Week 3: Research on Poetry / by Valzorra

Poetry is a form of literature that takes full advantage of the rhythmic, melodic, and aesthetic qualities of language in order to convey meaning beyond traditional prose. It has been described as “the spontaneous overflow of powerful feelings “ by William Wordsworth, while Dylan Thomas refers to it as “What makes me laugh or cry or yawn, what makes my toenails twinkle, what makes me want to do this or that or nothing." Poetry strives to evoke an emotional response, to communicate with those engaging with it, and to utilise language to its full potential. Oftentimes, it strives towards the creation and appreciation of art, of beauty, and of taste. What I find especially exciting about poetry is that it uses a variety of forms and conventions to suggest alternative interpretations of words and the types of emotion they are meant to evoke. Some common techniques and tools used in poetry for the manipulation of language and its meaning are:

  1. Alliteration -Alliteration is the conscious repetition of the initial syllables of within proximity of each other. Alliteration can be used to add melodic value to a poem or to accentuate a certain sound and the meaning behind its words.

  2. Metaphor - Metaphors communicate meaning and ideas by stating that one object is another. There is no direct comparison through words such as “this is like that“, but rather metaphors state that “this is that“. Metaphors add an additional layer of meaning and complexity within poetry as they force the audience to analyse what is being said and to interpret the work by making these emotive connections.

  3. Symbolism - Much like the Metaphor, Symbolism uses one object to represent another, straying away from the literal meaning of a word to give it more significance and value. Symbols are traditionally universally recognised in culture, for example the Apple as a symbol of knowledge.

  4. Allusion - An allusion in poetry is an intentional reference to a specific historical, mythic or biblical event, a person, a movement, a work, etc. With allusion, it is typically up to the audience to make the connection and fit it into the context of the poem.

  5. Meter - Meter is the rhythmic structure of a verse or a series of verses. It can be consistent throughout a poem or it can shift, depending on the effect a poet would like to achieve through it. Meter is most commonly concerned with the number of syllables, stressed syllables, and how often they appear based on intervals of time, however, there are other possible methods, for example qualitative meter which deals with the weight of a syllable.

What makes poetry so exciting is the possibility to communicate any conceivable idea and emotion though the use of tools such as the ones listed above, through the careful craftsmanship of language, the contextual meanings of words. It begs its audience to dive deeper into the work and to think about what is being said. An additional layer of difficulty and challenge within poetry is that it typically considers elements such as syllable count, repetition of certain sounds, melody, and meter. It holds the potential for endless expression, while also following logical rules and limitations, making it an incredibly versatile medium.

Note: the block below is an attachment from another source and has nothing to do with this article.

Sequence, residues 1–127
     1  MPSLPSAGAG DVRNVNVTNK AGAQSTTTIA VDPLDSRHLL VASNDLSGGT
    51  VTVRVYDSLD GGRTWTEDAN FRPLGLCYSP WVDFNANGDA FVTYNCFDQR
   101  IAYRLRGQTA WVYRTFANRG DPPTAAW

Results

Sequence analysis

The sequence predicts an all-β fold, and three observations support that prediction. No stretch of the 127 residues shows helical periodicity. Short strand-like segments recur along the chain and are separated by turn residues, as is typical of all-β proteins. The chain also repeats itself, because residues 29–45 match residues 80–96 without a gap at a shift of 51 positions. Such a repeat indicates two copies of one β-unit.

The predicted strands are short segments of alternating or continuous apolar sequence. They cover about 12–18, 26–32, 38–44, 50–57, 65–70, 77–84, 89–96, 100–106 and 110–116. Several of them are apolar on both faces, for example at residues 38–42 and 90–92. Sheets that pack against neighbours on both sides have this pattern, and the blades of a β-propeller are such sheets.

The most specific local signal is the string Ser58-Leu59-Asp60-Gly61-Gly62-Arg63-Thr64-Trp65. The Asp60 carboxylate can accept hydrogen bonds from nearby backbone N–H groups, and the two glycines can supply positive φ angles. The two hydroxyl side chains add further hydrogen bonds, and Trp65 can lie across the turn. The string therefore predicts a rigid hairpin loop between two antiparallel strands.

Lady Lazarus

Lady Lazarus is one of Sylvia Plath’s most famous poems, which is often used to illustrate her overall style of writing. It is a direct reference to the New Testament, specifically when Jesus resurrects Lazarus from the dead. In “Lady Lazarus“ this is used to signify the narrator’s seeming resurrection from two past suicide attempts, one accidental, one intentional. The reason I am taking a closer investigation and analysis of Sylvia Plath’s poem is her use of allusion and startling imagery, specifically her references to the horrors of concentration camps. Through the use of language and those poetic devices, Plath is trying to show that her psychological and mental struggles are equally painful and torturous. Plath expertly represents human agony, anguish, and describes her own body as dead by comparing her face to fine Jew linen, which was typically used to wrap the dead in. Overall, Plath’s work is full of metaphors and symbolism, using language to convey meaning beyond the literal translation of words. This makes her poetry and excellent example of the power of this form of literature and its incredible versatility in the use of language.

The Raven

The Raven is arguably Edgar Allan Poe’s most famous poem and it is known for its melodic qualities and for its themes of hopelessness, despair, inevitability, and certainty. Unlike Lady Lazarus, which is primarily focused on metaphor and symbolism, The Raven also takes advantage of melody and harmony by taking advantage of a fairly strict meter and rhyming scheme. Specifically, the Raven is mostly in trochaic octameter, while its predominant end-rhyme scheme is ABCBBB, which frequent use of alliteration and internal rhyming. What specifically interests me in The Raven in terms of themes, is the idea that one cannot fully trust what they are seeing and hearing when it comes to loss and grief. The narrator has found themselves in a state of seemingly eternal and relentless suffering over the loss of a loved one and it feels as though there is no salvation at all. The question becomes whether what the narrator is experiencing is real, a dream, or some form of self-constructed hallucination. It’s a matter of questioning one’s own senses, identity, and experiences. The Raven is a culmination of theme and rhythm, taking full advantage of language’s properties in both meaning and sound.

Part of Poe’s original manuscript for The Raven